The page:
phone-icon800.354.0806
765.456.6012
The Home of HASTELLOY® and
HAYNES® Alloys

HAYNES® Alloys for Lightweight Vacuum Heat Treat Furnace Baskets and Fixtures

Every time you run your vacuum furnace, it has to heat and cool whatever you put in it. When you use HAYNES® high-temperature alloys for all of your baskets and fixturing, what you don’t put in the furnace is unnecessary weight. HAYNES HR-120® and 230® alloys not only provide superior performance compared to traditional heat treating fixture materials, they do it with thinner section thickness construction. This allows you to save three ways: (1) reduced heating and cooling cycle times, (2) reduced part rejection from poor quench rate, and (3) increased furnace load capability without increased cycle time or reduced quench rate. Compare the sizes of these alloys required for field-proven equivalent or superior performance relative to traditional materials:

310601

Comparative Stress Rupture Strengths

Resistance to sagging or distortion of vacuum furnace baskets and fixtures at elevated temperatures is directly related to the creep or stress rupture strength of the material of construction. Both 230 and HR-120 alloys exhibit large strength advantages over traditional alloys. This allows for either higher loading capability, or significant reduction in the basket or fixture section thickness.

31602

Nominal Composition

HR-120® Alloy

Nickel: 37
Cobalt: 3 max.
Iron: Balance
Chromium: 25
Tungsten: 2.5 max.
Molybdenum: 2.5 max.
Manganese: 0.7
Silicon: 0.6
Aluminum: 0.1
Carbon: 0.05
Boron: 0.004
Niobium: 0.7
Nitrogen: 0.20

*Also known as Columbium

230® Alloy

Nickel: Balance
Cobalt: 5 max.
Iron: 3 max.
Chromium: 22
Tungsten: 14
Molybdenum: 2
Manganese: 0.5
Silicon: 0.4
Aluminum: 0.3
Carbon: 0.10
Boron: 0.015 max.
Lanthanum: 0.02

Field Experience: 230 Alloy vs. Alloy 601

Two baskets were constructed to a 33-inch x 46.5 inch (840mm x 1180 mm x 200 mm) design. One basket was fabricated using 230 alloy plate and round bar with section thicknesses ranging from 1/4-inch to 7/16-inch (6.3 mm to 11.1 mm). The alloy 601 basket was built with section thicknesses ranging from 1/2-inch to 5/8-inch (12.7 mm to 15.9 mm). As fabricated, the alloy 601 basket weighed 111 pounds (50.5 Kg), while the basket made from 230 alloy weighed 63 pounds (28.6 Kg), a 43% weight reduction.

Both baskets were placed in vacuum furnace service to assess the differences in resisting distortion, and to determine the effects of the 230 alloy lightweight construction upon furnace cycle time and quench rate. The condition of the baskets after 250 furnace exposures between 1600 and 1900ºF (870 and 925ºC) is shown in the photograph below.

Even after this relatively short use time, the superior distortion resistance of the 230 alloy basket was evident. The effect of the lightweight construction of the 230 alloy basket was also quite evident in both cycle time and quench rate measurements under various load conditions. Quench cycles consisted of forced nitrogen cooling to 400ºF (205ºC) and then open furnace air cooling to ambient. Results show an average improvement of about 20% in quench time and about 18% quench rate.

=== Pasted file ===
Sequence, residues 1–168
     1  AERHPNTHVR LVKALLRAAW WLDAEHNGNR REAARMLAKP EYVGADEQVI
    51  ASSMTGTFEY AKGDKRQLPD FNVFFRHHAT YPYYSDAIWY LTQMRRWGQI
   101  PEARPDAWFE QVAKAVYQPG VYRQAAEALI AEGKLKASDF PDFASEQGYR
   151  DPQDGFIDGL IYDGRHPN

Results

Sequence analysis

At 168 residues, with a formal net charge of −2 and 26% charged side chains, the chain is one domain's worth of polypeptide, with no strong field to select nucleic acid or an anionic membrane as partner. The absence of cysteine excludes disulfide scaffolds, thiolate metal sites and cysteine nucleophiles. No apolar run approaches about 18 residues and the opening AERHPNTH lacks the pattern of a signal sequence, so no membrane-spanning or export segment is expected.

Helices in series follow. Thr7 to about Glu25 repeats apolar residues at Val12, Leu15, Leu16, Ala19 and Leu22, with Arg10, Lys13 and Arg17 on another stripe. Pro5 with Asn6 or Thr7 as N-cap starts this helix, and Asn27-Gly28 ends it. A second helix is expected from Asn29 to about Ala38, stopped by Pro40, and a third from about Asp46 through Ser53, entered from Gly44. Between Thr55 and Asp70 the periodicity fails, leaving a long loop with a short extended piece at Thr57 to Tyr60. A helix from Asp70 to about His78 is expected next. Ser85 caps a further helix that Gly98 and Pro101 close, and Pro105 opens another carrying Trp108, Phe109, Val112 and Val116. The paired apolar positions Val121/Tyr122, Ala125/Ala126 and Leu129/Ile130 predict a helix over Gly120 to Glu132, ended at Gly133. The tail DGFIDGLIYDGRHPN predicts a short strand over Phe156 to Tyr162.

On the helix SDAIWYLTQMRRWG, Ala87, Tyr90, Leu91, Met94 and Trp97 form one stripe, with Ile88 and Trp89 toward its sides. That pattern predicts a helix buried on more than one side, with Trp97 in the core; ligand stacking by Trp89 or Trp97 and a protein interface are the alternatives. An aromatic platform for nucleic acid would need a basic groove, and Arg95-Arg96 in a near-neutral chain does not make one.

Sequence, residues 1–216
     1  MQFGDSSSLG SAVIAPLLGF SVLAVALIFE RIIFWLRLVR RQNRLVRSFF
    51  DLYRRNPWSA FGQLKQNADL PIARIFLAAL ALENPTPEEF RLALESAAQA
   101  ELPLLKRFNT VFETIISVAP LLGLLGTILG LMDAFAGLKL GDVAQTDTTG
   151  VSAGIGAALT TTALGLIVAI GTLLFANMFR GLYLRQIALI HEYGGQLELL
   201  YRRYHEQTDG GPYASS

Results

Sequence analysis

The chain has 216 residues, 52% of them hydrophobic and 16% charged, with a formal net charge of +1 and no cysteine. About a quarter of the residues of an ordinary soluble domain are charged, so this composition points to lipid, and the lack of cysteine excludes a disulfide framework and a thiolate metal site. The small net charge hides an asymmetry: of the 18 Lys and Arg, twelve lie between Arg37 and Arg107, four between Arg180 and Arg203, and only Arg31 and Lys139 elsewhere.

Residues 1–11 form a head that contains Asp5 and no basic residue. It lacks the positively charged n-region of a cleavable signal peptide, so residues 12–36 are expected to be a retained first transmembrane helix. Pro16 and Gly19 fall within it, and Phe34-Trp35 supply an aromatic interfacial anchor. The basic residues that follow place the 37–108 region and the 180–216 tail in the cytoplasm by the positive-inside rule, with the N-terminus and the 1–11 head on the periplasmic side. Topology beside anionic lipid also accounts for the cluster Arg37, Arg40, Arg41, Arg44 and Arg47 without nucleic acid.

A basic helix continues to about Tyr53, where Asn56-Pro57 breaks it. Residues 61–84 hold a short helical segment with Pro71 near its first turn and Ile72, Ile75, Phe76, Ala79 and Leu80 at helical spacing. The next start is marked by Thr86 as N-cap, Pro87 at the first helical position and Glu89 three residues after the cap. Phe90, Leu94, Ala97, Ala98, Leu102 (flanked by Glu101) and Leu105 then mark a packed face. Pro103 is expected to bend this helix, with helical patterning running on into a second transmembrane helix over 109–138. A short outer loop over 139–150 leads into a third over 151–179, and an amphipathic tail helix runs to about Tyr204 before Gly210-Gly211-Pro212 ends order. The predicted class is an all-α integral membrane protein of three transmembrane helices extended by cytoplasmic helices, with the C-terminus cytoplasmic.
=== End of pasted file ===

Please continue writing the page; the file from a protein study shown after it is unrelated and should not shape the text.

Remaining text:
Furnace Load Quench Time (min) Quench Time Improvement Quench Rate (min) Quench Rate Improvement*
Trial lbs kg 230® 601 % 230® 601 %
- - - - °F °C °F °C -
1 1140 518 12 16 25 100 56 90 50 11
2 120 55 8 10 20 193 107 154 86 25
3 875 398 13 16 19 112 62 96 53 17
4 156 71 11 13 15 136 76 115 64 18

Comparative Yield Strengths

While stress rupture strength is a key design criteria for building baskets, grids, and fixtures that are resistant to sagging, high-temperature yield strength is important for these components to resist distortion from thermal stresses that arise during heating and cooling. HAYNES 230 and HR-120 alloys possess significant high-temperature yield strength advantages over traditional alloys, without sacrificing important tensile ductility.

230®

Typical Tensile Properties, Plate

Test Temperature 0.2% Yield Strength Ultimate Tensile Strength Elongation
°F °C ksi MPa ksi MPa %
RT RT 57 395 125 860 50
1000 540 40 275 103 705 53
1200 650 40 275 98 675 55
1400 760 42 275 88 605 53
1600 870 37 255 63 435 65
1800 980 21 145 35 240 83
2000 1095 11 76 20 140 83
2100 1150 7 47 13 91 106
2200 1205 4 30 9 65 109

Typical Rupture Properties, Plate

Test Temperature Approximate Stress Required to Produce Rupture in Hours Shown
1,000 h 10,000 h
°F °C ksi MPa ksi MPa
1200 650 42.5 295 29.0 200
1400 760 20.0 140 14.2 98
1600 870 9.5 66 6.2 43
1800 980 3.0 21 1.6 11
1900 1040 1.8 12 - -
2000 1095 1.0 7 - -
2100 1150 0.6 4 - -

HR-120®

Typical Tensile Properties, Plate

Test Temperature 0.2% Yield Strength Ultimate Tensile Strength Elongation
°F °C ksi MPa ksi MPa %
RT RT 46 375 107 735 50
1000 540 26 175 80 555 61
1200 650 25 170 73 505 60
1400 760 25 175 64 440 50
1600 870 27 185 48 325 51
1800 980 19 135 28 190 81
2000 1095 9 63 15 105 89
2100 1150 - - - - -
2200 1205 4 27 5 34 89

Typical Rupture Properties, Plate

Test Temperature Approximate Stress Required to Produce Rupture in Hours Shown
1,000 h 10,000 h
°F °C ksi MPa ksi MPa
1200 650 - - - -
1400 760 12.0 83 17.0 115
1600 870 5.6 39 8.0 55
1800 980 1.9 13 3.5 24
1900 1040 0.8 6 1.7 12
2000 1095 - - 0.8 6
2100 1150 - - - -

Print Page
Back to top